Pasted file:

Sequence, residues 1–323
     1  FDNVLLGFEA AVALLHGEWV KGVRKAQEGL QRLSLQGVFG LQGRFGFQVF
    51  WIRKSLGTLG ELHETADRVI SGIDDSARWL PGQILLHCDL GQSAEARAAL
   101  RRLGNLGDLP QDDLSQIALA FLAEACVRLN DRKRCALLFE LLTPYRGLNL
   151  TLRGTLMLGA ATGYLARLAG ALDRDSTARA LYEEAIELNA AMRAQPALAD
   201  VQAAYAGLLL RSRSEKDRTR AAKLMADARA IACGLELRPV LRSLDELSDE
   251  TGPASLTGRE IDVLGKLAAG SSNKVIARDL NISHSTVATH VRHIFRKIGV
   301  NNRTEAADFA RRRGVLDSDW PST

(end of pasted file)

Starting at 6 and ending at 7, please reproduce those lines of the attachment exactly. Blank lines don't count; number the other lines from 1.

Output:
   201  VQAAYAGLLL RSRSEKDRTR AAKLMADARA IACGLELRPV LRSLDELSDE
   251  TGPASLTGRE IDVLGKLAAG SSNKVIARDL NISHSTVATH VRHIFRKIGV